Tokyo Pride Parade celebrated its 25th anniversary with its biggest parade to date last Sunday.
The parade was held on the first of a two-day LGBTQ+ pride festival held in Tokyo’s popular Yoyogi Park. The festival was filled with stage performances, food and corporate sponsor booths, and — of course — the biggest gay pride parade in Japan.
Tokyo Rainbow Pride (often abbreviated TRP) are the organizers of the pride festivities that are held annually during a string of national holidays in Japan called Golden Week. This year was the most successful pride parade yet with over 10,000 participants, according to TRP’s official Twitter account:
They wrote, “The pride parade has come to an end, but this year we had the most participants ever — over 10,915! Thanks to all those who marched, and Happy Pride! The festival will continue in Yoyogi Park tomorrow. We look forward to seeing you there.” Last year, around 7,000 people marched in the Tokyo Pride Parade.
The 2.5 kilometer-long parade was divided into groups based on political messages, genders and sexualities, and corporate affiliations. Participants included people of all orientations under the LGBTQ+ label, as well as allies.
This year’s Pride Week theme was “I have pride aru ga mama o hokoro” (roughly: “Be proud of who you are”). TRP further expanded on this motto by explaining that, “We are not strange. We are not sick. We are not shameful or disgusting. Our pride is something to be respected.” This message was echoed by signs many of the marchers held up in the parade, along with other signs aimed at raising awareness of LGBTQ+ issues, especially marriage equality since same-sex marriage is still not legally recognized in Japan.
Several attendees took to Twitter to share their thoughts, including bisexual photographer @porumi88 who posted pictures of different gay couples holding hands along with the following message:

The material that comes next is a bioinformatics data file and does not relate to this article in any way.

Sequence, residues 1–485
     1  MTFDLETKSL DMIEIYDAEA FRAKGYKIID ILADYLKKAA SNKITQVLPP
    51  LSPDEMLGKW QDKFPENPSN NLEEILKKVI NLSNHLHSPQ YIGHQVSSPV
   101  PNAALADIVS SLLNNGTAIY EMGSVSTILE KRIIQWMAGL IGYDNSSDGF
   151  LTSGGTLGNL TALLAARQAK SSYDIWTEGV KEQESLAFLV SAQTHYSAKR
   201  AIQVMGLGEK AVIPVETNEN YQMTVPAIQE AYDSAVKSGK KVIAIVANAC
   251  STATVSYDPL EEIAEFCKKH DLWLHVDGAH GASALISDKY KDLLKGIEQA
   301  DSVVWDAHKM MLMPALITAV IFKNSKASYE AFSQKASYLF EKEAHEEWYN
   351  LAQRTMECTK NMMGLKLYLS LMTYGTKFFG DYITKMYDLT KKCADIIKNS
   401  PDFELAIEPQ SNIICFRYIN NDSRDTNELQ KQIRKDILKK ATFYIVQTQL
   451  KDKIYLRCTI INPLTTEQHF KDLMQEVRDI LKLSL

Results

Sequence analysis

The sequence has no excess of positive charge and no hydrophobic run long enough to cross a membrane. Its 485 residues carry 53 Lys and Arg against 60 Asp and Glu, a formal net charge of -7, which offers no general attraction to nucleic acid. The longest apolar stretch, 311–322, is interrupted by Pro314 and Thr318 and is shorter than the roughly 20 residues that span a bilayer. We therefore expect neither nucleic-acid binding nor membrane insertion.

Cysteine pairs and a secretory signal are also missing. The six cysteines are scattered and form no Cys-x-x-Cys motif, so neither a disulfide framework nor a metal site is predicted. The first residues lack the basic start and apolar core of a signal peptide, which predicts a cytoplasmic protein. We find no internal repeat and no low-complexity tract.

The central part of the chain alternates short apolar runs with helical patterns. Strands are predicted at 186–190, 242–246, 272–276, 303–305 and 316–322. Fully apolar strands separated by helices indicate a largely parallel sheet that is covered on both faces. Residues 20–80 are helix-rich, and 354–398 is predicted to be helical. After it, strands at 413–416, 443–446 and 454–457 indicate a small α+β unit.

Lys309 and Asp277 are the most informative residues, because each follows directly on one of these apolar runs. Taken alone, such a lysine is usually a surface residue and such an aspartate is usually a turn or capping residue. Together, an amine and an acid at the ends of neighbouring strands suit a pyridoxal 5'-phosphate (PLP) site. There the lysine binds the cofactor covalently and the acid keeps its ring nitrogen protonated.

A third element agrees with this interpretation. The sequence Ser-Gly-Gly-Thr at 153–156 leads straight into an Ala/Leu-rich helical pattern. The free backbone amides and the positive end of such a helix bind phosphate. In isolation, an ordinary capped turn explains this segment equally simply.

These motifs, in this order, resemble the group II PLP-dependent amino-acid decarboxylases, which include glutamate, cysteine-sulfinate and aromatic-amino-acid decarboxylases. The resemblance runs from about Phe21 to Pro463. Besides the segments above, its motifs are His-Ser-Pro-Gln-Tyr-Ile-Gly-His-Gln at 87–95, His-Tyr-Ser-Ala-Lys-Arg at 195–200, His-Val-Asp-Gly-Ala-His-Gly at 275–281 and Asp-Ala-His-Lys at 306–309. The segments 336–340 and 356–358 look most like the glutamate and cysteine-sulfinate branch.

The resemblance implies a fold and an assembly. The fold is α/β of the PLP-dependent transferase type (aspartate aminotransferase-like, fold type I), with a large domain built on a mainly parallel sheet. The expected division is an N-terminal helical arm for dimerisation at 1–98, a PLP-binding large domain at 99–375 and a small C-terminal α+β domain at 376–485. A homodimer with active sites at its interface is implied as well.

— ぽるみ (@porumi88) April 28, 2019
They explained, “It’s not about the once-a-year festival or parade, it’s about the hope that one day, same-sex couples can walk around town holding hands and for it to be normal. As it should be.”
Another attendee was newbie to gay pride events @okusari_marie, who went to the festival with friends and marched in the parade.
She shared, “Today, I went to the Tokyo Rainbow Pride festival with my friends! We also marched in the parade. It was my first time going to a gay pride event. It was wonderful to see everyone so full of love and so free. We had a great time, the neighborhood was so pretty all decorated with rainbows, and the food was tasty too, haha. It made me so happy💓”
@19hz also posted their thoughts from the perspective of someone who had experience working in education:
— Maki, (@19hz) April 28, 2019
They wrote, “When I worked at the Board of Education, I had a few cases of teachers coming to me asking for help. And it wasn’t just about their students — it was also about teachers themselves who were in the closet. It’s great to see the parade bringing more awareness to the LGBT community.”
While same-sex marriage is still not an option for gay couples in Japan, the increasing support and awareness of LGBT issues provided by events like Tokyo Rainbow Pride are a step closer towards the equality they deserve.
For more information about TRP and gay pride events that happened over Golden Week, check out their official website (Japanese).